Wyatt Grainger was sitting in a hospital, unsure of what it all meant.
In January, waiting for doctors’ orders, he had just one question: “What about cycling?”
That was a critical concern for the 14-year-old when he was told he had Type 1 diabetes.
He’d been competitive in the sport for the last four years, and even started a cycling club in Red Deer called Equipe Cycle Club after watching the Tour of Alberta in Edmonton.
In the last three years, the club has grown from five of his friends to 25 members who ride a couple times a week. They have a website, their own kit, and travel to races regularly throughout the summer.
Grainger said it’s been a challenge trying to manage cycling with his diabetes (sweet treats like Skittles and Rockets are his go to right now), but his most recent experience has him believing anything is possible.
Grainger just returned from a week with Team Novo Nordisk cycling camp for youth who are recruited from around the world who compete for spots on either the junior or development team, which may one day lead to a position on their professional team.
The program is also made up of all diabetic athletes, with a mandate to “inspire, educate and empower people affected by diabetes.”
Shortly after Grainger was diagnosed with Type 1 diabetes, he looked the team up on Instagram and emailed them to see how he could get started.
They responded with a training program for him to follow. But he also received the news that at 14, he was a year too young to participate in the camp this summer in Athens, Ga. They told him he would definitely be invited to camp next year.
His dad, Sean, then followed with a email, thanking the team for their support and sending along the training program. He eventually received a message from the founder of the team, Phil Southerland.
Southerland said since Wyatt’s racing age is 15, as long as someone was willing to accompany him to the camp, he’d be allowed to participate. Sean jumped at the chance to help his son.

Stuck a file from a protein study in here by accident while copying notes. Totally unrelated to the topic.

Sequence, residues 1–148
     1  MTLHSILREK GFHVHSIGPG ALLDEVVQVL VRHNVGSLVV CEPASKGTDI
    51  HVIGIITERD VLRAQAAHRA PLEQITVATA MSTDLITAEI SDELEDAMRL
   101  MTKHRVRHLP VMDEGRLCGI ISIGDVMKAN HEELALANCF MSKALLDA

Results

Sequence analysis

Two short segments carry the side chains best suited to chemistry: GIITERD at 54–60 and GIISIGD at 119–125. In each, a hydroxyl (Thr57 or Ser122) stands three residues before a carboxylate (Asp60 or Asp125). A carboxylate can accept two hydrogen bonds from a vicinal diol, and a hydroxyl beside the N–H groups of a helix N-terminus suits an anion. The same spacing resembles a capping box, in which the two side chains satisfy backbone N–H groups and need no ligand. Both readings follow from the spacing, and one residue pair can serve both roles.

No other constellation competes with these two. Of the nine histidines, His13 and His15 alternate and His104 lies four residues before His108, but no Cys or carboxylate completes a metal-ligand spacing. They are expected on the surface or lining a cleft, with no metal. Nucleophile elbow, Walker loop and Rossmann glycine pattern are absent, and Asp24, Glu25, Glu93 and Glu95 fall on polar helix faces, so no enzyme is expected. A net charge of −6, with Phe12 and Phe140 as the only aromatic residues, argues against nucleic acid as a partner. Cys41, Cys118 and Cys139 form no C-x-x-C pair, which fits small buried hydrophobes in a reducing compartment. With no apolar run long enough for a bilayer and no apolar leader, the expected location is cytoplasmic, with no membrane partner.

Wyatt said while at the camp, it was amazing to interact with athletes all over the world who were just like him.
“Basically a professional style camp, we rode 85 kilometres three times throughout the week,” he said. “It was a good experience… I really learned what it takes and what it means to be a professional cyclist and an ambassador for the sport.”
He’s even found a role model on the pro team as well, Canadian Reid McClure who is based out of Calgary.
“I really look up to all of the pros and how they put a lot of work into it and how focused they are. I think that’s really cool that they’ve worked so hard and they’re just great ambassadors for the sport,” Wyatt said.
“Managing diabetes is a really hard thing to do and professional cycling is also a really hard thing to do. So to combine those two things is just really exceptional.”
Wyatt has to give himself insulin four times a day to manage his diabetes, as well as eating a very specific diet. He also has to carefully regulate his blood sugar leading up to, during and after races and rides.
He said cyclists from all over the world shared tips on how they deal with their diabetes at the camp.
“You’re constantly learning something. There’s so much information. Learning from the other campers at the program was very beneficial. How does a cyclist in England or the United States manage their diabetes? It was really cool,” he said.
Wyatt is going into Grade 10 at Lindsay Thurber next year and will cycle through the summer mostly in Alberta, then anxiously await news about the junior or development team spot. He won’t be deterred if he doesn’t make it this time around, as either way he’ll be back in Georgia again next summer to participate in the camp.
Wyatt one day hopes to succeed at the highest level in the sport and spread the message of hope for other people with diabetes.
“I’d really like to get onto the team. I hope I can achieve something at the camp next year …” he said. “I would be really happy if all the work I had done, all this training I have done has paid off and I’ve gotten to the top level.”